I've been voting for twenty years now, and I think I'm finally getting the hang of it. It's not something you do very often, and you sort of have to relearn the process every time you do. I generally fumble my way through it, trying hard to act like I know exactly what I'm doing and who those people are standing behind the lunch table with big pads of official-looking forms that they move from one ledger to another and ask me to sign and mark with their initials and tuck away in protective sleeves before they hand one of the forms to me and send me out into the open basement of the local elementary school to find an open voting booth and the really confusing part begins....
Neighbors, Porches & Pumpkins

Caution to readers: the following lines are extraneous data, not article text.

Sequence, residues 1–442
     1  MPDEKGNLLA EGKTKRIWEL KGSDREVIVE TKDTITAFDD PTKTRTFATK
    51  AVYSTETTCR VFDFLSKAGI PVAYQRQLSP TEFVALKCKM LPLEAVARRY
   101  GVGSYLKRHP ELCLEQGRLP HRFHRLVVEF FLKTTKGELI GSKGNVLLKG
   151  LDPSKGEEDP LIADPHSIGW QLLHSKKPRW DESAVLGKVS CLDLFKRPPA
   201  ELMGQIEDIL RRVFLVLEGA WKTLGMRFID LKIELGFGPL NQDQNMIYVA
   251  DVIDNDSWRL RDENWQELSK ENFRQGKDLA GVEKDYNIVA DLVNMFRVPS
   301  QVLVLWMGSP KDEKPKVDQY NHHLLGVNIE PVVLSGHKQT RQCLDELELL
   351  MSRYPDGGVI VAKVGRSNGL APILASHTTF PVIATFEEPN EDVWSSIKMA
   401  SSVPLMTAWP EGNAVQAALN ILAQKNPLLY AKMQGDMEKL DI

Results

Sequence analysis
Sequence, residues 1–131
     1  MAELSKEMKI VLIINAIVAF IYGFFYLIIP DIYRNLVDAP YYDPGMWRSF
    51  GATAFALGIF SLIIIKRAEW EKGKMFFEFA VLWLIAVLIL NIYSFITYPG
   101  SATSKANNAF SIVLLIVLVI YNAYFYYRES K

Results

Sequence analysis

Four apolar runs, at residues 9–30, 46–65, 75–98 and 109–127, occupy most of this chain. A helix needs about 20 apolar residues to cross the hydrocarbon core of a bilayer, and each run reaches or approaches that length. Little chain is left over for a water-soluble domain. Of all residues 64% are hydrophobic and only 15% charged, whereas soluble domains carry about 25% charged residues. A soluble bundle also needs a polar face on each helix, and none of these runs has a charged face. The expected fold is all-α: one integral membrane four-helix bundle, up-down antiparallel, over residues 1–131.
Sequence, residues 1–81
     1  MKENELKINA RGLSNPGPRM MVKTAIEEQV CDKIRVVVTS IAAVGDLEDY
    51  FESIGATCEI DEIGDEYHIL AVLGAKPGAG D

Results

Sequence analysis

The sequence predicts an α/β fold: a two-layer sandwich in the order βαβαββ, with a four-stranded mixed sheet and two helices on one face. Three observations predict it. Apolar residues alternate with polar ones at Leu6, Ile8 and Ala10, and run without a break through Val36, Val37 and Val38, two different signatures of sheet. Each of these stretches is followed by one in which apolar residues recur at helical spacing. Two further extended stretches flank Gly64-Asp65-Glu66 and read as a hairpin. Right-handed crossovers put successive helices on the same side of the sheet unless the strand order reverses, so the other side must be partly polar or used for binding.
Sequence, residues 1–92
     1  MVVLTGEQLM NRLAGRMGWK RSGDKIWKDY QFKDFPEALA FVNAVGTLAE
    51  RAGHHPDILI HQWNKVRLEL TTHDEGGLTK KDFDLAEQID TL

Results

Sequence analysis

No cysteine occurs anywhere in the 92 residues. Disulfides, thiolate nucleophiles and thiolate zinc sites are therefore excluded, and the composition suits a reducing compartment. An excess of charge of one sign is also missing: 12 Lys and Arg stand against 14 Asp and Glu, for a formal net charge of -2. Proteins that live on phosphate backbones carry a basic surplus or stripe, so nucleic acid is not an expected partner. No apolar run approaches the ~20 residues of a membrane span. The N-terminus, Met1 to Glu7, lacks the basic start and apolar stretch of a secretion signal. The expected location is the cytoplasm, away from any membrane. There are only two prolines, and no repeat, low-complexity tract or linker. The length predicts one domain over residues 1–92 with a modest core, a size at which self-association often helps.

Yesterday was Halloween...and another occasion to greet the neighbors and admire the energy they've put into decorating their homes and their children. The thing about Halloween in the US is that -- unlike Thanksgiving or Christmas -- it's a holiday that's less about celebrating family than it is about celebrating neighborhood. So -- as far as I'm concerned -- it's a great opportunity to take note of neighborly interactions and the semiotics of material culture. Halloween is one of the few occasions on which neighbors welcome one another into their yards, up on their porches, to their front doors. Anyone who is willing to put on a wig and some makeup and make the rounds of the neighborhood can drop in on any neighbor indicating his willingness to receive visitors with a jack-o-lantern on the porch.